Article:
Later in Life
There are plenty of challenges for those still coping with Tourette Syndrome in later life — and plenty of ways to deal with them.
It’s important to review your medications now and then with your doctor. Long-term use of neuroleptics is sometimes associated with side effects, including the movement disorder tardive dyskinesia (involuntary, repetitive body movement disorder), hypoglycemia (low blood sugar), weight gain and Type II diabetes. Neuroleptics and other medications can also effect heart and liver function. Your doctor can help you learn the “early warning signs.” Alternating between different meds or taking an occasional “medication holiday” can help to prevent them (be sure these are taken under medical supervision). Make sure tests for hypoglycemia/diabetes, and for heart and liver function, are part of your annual checkup. These simple steps should turn up any signs of trouble while they are still reversible.
Almost everyone has some new ailments in later life, such as arthritis, back pain or signs of Parkinson’s disease. While these may have nothing to do with TS, there may be clashes between medications for other health problems and those for tics. Check package inserts, and make sure your doctor is alert to the situation. It also may be harder to cope with pain and soreness from ticcing as you get older. Complementary approaches like Tai Chi and Pilates exercises can give you pain relief and increased flexibility. Fitness centers, alternative health providers, and day programs for older adults are good resources for finding out what’s available near you.
Workplace and parenting stresses tend to diminish as you get older, but fresh stresses (such as health worries) can have a negative impact on your TS symptoms, or activate problems like depression, anxiety or obsessive-compulsive disorder. OCD is a particular problem for some older people with TS, especially if obsessive-compulsive behaviors have become entrenched over the years. New treatments, including more recent drugs and developments in cognitive behavioral therapy, are definitely worth trying—even if past efforts have been unsuccessful. Discuss possible new treatments with your healthcare provider.
Avoiding Social Isolation
It’s not uncommon for people with TS to experience periods of social isolation – sometimes removing themselves from social situations for fear of disapproval, or because it’s simply exhausting to have to suppress your tics for hours. Even if you haven’t before, do seek out the company and support of other adults with TS through your local Tourette Association Chapter. You’ll find resources there to help you become more comfortable in other social situations, too. Take positive steps to stay in the social swing, from joining community groups to signing up for group travel or adult education classes.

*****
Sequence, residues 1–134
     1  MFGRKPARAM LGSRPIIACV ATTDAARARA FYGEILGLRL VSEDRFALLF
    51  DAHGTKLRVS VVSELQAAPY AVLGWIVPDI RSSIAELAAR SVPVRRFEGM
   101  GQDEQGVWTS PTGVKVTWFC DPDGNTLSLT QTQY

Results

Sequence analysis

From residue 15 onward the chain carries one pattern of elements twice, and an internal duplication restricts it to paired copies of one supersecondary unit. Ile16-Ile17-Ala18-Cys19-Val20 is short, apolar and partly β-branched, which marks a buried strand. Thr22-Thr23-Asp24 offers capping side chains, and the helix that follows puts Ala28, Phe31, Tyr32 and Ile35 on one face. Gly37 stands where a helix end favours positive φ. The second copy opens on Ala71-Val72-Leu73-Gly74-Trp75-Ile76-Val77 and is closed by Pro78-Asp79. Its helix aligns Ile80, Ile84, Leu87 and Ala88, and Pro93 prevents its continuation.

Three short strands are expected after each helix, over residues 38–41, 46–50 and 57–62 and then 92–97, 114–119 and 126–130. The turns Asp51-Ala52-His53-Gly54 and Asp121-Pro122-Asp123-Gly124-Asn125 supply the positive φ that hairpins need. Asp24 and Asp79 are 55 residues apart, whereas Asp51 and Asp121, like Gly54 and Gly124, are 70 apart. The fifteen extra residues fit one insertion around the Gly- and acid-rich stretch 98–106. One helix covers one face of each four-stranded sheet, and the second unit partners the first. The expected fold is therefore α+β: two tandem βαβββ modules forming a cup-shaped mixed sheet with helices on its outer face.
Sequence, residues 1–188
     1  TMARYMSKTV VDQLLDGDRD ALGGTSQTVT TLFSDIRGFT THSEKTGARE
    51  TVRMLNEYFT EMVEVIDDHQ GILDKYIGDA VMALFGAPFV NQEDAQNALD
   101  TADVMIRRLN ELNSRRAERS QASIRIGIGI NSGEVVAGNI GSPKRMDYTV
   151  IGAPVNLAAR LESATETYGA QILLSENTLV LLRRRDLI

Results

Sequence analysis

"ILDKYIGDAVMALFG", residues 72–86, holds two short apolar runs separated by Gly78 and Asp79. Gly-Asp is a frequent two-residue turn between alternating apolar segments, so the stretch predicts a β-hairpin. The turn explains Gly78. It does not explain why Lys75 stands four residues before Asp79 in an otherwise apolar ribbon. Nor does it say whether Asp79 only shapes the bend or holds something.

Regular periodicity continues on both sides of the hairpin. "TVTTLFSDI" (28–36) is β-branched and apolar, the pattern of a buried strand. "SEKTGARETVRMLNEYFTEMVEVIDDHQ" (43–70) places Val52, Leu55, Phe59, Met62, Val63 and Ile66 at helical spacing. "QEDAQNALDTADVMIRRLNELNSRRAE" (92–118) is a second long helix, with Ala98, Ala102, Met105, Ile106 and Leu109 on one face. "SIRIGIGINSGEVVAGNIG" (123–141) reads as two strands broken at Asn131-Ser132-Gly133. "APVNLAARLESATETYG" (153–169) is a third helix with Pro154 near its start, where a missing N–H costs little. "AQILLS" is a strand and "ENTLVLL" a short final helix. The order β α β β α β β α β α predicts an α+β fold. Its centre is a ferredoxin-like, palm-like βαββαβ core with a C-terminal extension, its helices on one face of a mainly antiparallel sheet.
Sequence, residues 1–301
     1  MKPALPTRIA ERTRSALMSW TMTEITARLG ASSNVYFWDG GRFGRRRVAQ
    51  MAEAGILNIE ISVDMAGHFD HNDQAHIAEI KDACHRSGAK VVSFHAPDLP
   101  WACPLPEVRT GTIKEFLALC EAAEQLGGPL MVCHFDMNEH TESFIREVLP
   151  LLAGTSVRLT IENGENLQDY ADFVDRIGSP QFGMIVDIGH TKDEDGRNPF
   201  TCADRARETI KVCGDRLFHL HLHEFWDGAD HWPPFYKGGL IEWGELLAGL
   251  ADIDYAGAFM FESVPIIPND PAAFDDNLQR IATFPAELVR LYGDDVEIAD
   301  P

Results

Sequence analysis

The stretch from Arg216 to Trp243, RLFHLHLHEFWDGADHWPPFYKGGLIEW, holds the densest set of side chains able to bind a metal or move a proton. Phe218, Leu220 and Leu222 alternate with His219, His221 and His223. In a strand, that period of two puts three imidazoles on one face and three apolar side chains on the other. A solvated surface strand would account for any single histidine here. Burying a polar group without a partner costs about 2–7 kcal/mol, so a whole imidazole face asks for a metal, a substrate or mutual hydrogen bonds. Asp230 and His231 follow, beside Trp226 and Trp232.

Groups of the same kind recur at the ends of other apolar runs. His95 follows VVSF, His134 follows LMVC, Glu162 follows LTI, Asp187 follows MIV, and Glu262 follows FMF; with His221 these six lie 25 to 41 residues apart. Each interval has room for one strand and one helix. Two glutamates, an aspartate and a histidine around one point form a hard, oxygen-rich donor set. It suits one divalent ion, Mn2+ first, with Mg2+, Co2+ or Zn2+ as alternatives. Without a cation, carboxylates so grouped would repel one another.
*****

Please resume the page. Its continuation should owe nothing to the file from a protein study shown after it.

Getting Past Discrimination
Don’t let the past drag you down. Although even 50 or 60 years later, childhood bullying, school failure, and workplace discrimination can affect your circumstances, it’s never too late to try on new, assertive attitudes. One of the best parts about being older is that people actually take you seriously, so use that fact to join in campaigns for changes that will improve your life, and help the next generation as well.
Speaking of the next generation, why not become a Mentor to younger people with TS and Tic Disorders? If this idea is appealing, you might suggest that your nearest Tourette Association chapter offer mentoring programs. This way you can share the benefit of your life and experience with younger people with TS in a supervised setting.
Retirement and Financial Issues
If you do not have an unbroken work history, it may affect your financial planning for retirement. Older people with TS can also face high premiums for disability, personal liability, and life insurance. As early as you can, check to see if a nearby Independent Living Center or a local disability group offers help with financial planning. If free help isn’t available, see an independent financial advisor. The National Association of Personal Financial Advisors provides a listing of professionals who work on a fee-only basis, but avoid “financial advisors” who have an interest in selling you investments or insurance. Also, check to make sure your Social Security eligibility is maintained—you may need to make voluntary contributions during periods of unemployment to avoid loss of benefits. See a local Social Security Administration office or the SSA website for complete details.
Having a properly executed Advance Directive and providing concise, accurate information about TS to long-term care staff are important strategies for ensuring appropriate treatment and avoiding abuse in residential care. A lawyer can help with advance directives. The National Long-Term Care Ombudsman Resource Center call tell you where to go if you have concerns about your own care or someone else’s.